Hands Up, Don't Shoot

Tey was nine the first time he had his heartbroken - when his father was murdered by a cop right in front of his eyes. Ever since, he has dreamed of avenging his papa's death. Tanner's heart was broken by the man he thought could love and be loved - his father, who disappeared from his life after being acquitted of manslaughter. All he's ever wanted since is to prove that he isn't "just like his daddy." When they come face to face for the very first time, both Tanner and Tey are carrying guns with different purposes. Are they brave enough to pull the trigger, or can they learn to forgive one another?

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1. Tey

 

Tey had waited ten years for this moment. A couple of years digging and a couple of years spying on the cop that looked just like his father. The image of the man whose face could never be erased from his memory. The untidy grey moustache on his upper lip. The golden badge worn over the left chest as if to say “I’m here to protect you,” as he pulled out his pistol and shot an innocent, unarmed, black man in the chest. A nine year old Tey had been a witness in the back seat.

His memories are a blur. Another cop yanking him out of his father’s truck – his dead father’s truck. He had known that because he had seen all the shootings on the news even though his mama forbade it. “Nine year old eyes should never have to see such things,” she would say when she caught him glued to the television screen.

Tey would never forget the feel his mama’s arms around his small chest when two cops had escorted him home and assured her that it wasn’t because he’d been causing mischief. She cried all day. She cried every day. Her heart shattered by a single bullet… or two… or three. He couldn’t remember how many gunshots had been fired because after hearing the first one he was screaming and screaming and screaming for his papa to not be dead.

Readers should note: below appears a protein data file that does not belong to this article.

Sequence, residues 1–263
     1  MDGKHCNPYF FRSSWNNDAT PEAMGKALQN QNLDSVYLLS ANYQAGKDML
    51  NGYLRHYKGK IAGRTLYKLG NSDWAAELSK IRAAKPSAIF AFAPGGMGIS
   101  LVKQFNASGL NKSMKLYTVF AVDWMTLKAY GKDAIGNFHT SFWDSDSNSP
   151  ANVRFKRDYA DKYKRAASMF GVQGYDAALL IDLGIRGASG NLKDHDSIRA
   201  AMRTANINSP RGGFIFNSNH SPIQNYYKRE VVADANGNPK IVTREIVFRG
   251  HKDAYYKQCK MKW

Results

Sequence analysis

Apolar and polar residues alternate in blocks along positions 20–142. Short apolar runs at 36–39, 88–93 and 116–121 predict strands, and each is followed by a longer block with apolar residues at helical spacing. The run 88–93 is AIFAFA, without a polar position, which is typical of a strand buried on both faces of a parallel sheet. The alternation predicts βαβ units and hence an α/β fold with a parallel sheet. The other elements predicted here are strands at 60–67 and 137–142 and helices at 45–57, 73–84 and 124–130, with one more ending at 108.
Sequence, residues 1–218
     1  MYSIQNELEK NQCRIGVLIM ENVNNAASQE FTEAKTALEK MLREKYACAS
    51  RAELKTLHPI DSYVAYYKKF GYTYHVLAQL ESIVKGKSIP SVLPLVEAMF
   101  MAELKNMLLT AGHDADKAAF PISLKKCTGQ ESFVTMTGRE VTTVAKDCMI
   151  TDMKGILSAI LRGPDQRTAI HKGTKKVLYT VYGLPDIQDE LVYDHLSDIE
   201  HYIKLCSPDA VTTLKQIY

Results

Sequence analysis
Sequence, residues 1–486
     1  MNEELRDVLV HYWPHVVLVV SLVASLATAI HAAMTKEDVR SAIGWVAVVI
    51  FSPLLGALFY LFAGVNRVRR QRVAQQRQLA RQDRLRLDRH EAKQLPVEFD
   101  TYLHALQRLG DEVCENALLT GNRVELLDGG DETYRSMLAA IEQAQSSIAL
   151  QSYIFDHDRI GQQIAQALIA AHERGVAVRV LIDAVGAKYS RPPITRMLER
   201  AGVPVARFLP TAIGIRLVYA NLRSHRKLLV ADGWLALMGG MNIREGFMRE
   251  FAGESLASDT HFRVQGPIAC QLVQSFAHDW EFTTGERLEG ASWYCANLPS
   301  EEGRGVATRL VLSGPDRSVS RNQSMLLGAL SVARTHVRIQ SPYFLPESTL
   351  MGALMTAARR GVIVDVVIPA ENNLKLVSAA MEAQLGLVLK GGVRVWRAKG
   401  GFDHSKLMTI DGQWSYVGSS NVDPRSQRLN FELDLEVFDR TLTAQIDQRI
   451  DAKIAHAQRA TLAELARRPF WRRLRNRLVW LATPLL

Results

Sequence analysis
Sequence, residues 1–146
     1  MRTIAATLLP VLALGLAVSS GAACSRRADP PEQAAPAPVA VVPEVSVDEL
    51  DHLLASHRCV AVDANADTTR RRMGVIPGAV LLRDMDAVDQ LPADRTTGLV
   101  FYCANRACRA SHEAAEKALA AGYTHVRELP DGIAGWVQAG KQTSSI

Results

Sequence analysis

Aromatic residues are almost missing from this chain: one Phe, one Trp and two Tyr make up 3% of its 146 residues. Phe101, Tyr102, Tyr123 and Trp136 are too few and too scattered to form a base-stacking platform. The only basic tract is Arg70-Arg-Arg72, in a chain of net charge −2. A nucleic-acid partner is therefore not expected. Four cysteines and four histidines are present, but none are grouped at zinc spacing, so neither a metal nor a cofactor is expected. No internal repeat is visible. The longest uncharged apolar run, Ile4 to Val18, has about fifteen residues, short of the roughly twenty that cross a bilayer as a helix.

It had all led up to this. Dropping out of school to make money on the streets in order to pay for his mama’s insulin. Gangs, guns, and drugs. Tey had been through it all. Beaten to an almost death, shot, arrested. But he had made it and he had the streets to thank. They had made him, shaped him, moulded him from the child, traumatised by his father’s murder, into the young man that now hid behind a dumpster, pistol tucked into the waistband of his jeans, eyes trained upon his target.

Officer Tanner James Allen. 23 years old. In a relationship with Iris Elizabeth Cowley, age 21. Father, Alexander James Allen, acquitted of charges regarding the murder of Samuel Lemar Cleveland. Location unknown. Mother, Eleanor Jade Allen, was a nurse prior to the incident that occurred in the summer of her son’s thirteenth year. She has no other children.

Tey didn’t care about any of this. They were just small details he had acquired over the years spent trying to find his father’s killer. He watched the two officers at the scene deal with the distraction he had paid for with hard earned dollars. Slowly pulling the pistol out of his pants and into his hands, he took aim at the son of the man who had taken everything away from him. This was for his father. For his mother who had been reduced to her illness. For his teenage years lost on the rough streets of Detroit.

His fingers brushed the trigger. He had never fired a gun before. He preferred knives because you could still hit your target if your vision was distorted. That wasn’t an option. He needed to stay hidden. Although he knew that as soon as he released the trigger, his location would be revealed. So he was screwed either way since he couldn’t even guarantee that he’d strike where he needed to. His vision had been slowly deteriorating ever since the time Luca had given him a broken ribcage and two black eyes.

He squinted his eyes to focus. It didn’t help that the sun was beaming in his direction. He shifted his feet slightly in his crouched position so he could get a better vantage point but he lost his balance and crashed into the dumpster – almost. It hardly made a sound, hopefully not one to cause alarm, but Tey took cover anyway. His heart was pounding and his vision blackening as he cursed himself for making such a stupid mistake.

Nothing happened for a few moments. He wasn’t sure how much time had passed exactly but he couldn’t risk missing this opportunity if he waited too long. The pistol was still in his hands, his index finger still brushing the trigger.

Careful not to make another costly mistake, he took his place again. The sun had been obscured by a mass of clouds and even though he could see that there were still two officers at the scene, he couldn’t tell them apart. He focused his eyes on the figures before him. They took shape; the officer he didn’t know on the right, and his target on the left. He took aim, but his finger froze on the trigger. Officer Tanner James Allen was looking directly at him.

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